After decades of waiting to get in the saddle, Belfast-born Stephen Rea is finally getting his chance to ride off into the sunset – and Butch Cassidy fans will be pretty happy too, writes TARA BRADY
WHATEVER WAY one looks at it, the movie Blackthorn has been a long time coming. An autumnal western charting the last days of Butch Cassidy, Gil Mateo’s Bolivian adventure picks up long after the point where Paul Newman and Robert Redford bowed out in a hail of bullets.
For Belfast-born actor Stephen Rea, too, Blackthorn is long overdue. A lifelong fan of the horse opera, he’s waited decades to get in the saddle.
“Nobody really does westerns nowadays. It has ceased to be a genre hasn’t it?” says Rea. “When I was a kid that’s what cinema was. As boys we played cowboys and Indians. That was how we dressed up and imagined ourselves to be. The movies were westerns. I also loved the Musketeers. And eventually I got to be in a Musketeer film but I was Cardinal Richelieu because the moment had passed where I could play a Musketeer. But that was quite good anyway.”
He suspects fashion will dictate that Blackthorn is “probably my first and last and only western”. But that’s okay, too. The sole oater on Rea’s glittering CV is special of its own accord. Rea and actor-playwright Sam Shepard have been firm friends since the 1970s when they first worked together in London. They’ve frequently collaborated during the intervening years and yet, Blackthorn marks their first onscreen buddy-up. Like we said: Blackthorn is a long time coming.
“Yeah,” nods Rea. “We’ve known each other since the early 1970s. We were both in London and very young. He wrote a play and directed me in it. Geography of a Horse Dreamer. About a guy who was chained to a bed with gangsters standing over him writing down the winners for horse races. Bob Hoskins was in it. I’ve worked with Sam quite a bit in the last few years but this is the first time I’ve ever acted with him in either theatre or film. And it was an entirely great experience, you know.”
The Blackthorn shoot was extreme. Onscreen the salt flats of Bolivia look so otherworldly they could be mistaken for an outtake from 2001: A Space Odyssey.
“We were 15,000ft up and fighting to breathe,” says Rea. “I arrived to do a scene and as I got there a stuntman was being taken to hospital. He hadn’t fallen off a horse or anything. He’d just succumbed to the altitude. Sometimes it would take you 10 minutes to walk from here to that wall [He points to a wall no more than three metres away.] It’s more profound than catching for breath. You can’t sleep. You feel nauseous all the time. I woke up – this wasn’t even at the highest altitude – projectile vomiting. The Indians have different bodies to us. They’re shorter and they’ve adapted, I guess. Europeans never get used to it.” It was, despite the discombobulation, a dream job, he says.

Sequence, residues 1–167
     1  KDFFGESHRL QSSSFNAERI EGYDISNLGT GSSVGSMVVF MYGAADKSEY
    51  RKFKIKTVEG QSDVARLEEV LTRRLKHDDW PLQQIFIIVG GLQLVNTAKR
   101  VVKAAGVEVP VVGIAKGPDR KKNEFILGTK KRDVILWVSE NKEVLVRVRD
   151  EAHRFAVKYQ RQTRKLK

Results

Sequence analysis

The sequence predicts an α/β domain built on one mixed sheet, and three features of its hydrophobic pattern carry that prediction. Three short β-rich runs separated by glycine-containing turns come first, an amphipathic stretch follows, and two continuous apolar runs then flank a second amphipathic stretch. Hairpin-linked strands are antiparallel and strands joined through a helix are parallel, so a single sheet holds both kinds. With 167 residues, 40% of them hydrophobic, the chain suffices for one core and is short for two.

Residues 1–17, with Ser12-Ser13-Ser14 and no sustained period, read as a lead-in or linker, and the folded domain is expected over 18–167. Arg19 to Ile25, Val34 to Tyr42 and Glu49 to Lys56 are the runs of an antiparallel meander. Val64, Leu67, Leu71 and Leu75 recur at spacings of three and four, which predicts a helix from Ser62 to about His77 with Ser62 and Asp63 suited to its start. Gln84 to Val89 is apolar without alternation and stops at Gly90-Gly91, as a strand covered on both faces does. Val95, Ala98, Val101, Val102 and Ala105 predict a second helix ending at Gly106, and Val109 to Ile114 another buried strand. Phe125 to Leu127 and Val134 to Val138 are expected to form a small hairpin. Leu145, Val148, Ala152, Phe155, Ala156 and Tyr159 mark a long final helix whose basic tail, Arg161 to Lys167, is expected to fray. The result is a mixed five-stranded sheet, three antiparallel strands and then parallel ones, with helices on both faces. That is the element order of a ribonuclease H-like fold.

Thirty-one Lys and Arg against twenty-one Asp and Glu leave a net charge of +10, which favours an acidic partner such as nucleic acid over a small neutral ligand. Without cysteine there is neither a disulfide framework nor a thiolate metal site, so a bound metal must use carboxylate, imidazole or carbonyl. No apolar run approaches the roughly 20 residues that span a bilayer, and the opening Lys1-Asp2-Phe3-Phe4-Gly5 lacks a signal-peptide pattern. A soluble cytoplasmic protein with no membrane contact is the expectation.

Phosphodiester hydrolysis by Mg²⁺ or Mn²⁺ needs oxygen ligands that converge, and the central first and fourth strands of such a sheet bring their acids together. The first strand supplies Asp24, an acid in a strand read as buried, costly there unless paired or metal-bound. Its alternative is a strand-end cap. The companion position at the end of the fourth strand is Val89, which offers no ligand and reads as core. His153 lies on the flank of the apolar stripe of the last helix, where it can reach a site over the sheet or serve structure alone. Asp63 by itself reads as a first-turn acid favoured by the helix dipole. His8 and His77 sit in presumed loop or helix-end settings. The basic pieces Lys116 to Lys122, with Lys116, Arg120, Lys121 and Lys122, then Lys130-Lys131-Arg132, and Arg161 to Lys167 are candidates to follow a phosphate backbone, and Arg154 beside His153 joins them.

“It was an incredible place. I guess it looks like Ireland must have done 70 or 80 years ago. It’s populated by people just subsisting on the land and what they have. It’s religious. But when you only have two llamas and your family I suppose you better believe in something. The Spanish have gone and they’ve stripped the place of silver and resources but they’re still there. It’s heartening. One does have a wonderful job that you get called up to make a movie in Bolivia and you get to see the place.”
Rea is a reliable collaborator. He first worked with playwright Stewart Parker in college. In 1980 a contingent including Rea, Tom Paulin, Brian Friel, Seamus Heaney and Seamus Deane, founded the Field Day Theatre Company. He has, perhaps most visibly, over the years, been something of a muse for director Neil Jordan. The pair has worked together on Angel, The Company of Wolves, Interview with a Vampire, The Butcher Boy, The End of the Affair, In Dreams, Michael Collins, Breakfast on Pluto, Ondine and The Crying Game, for which Rea received an Oscar nod.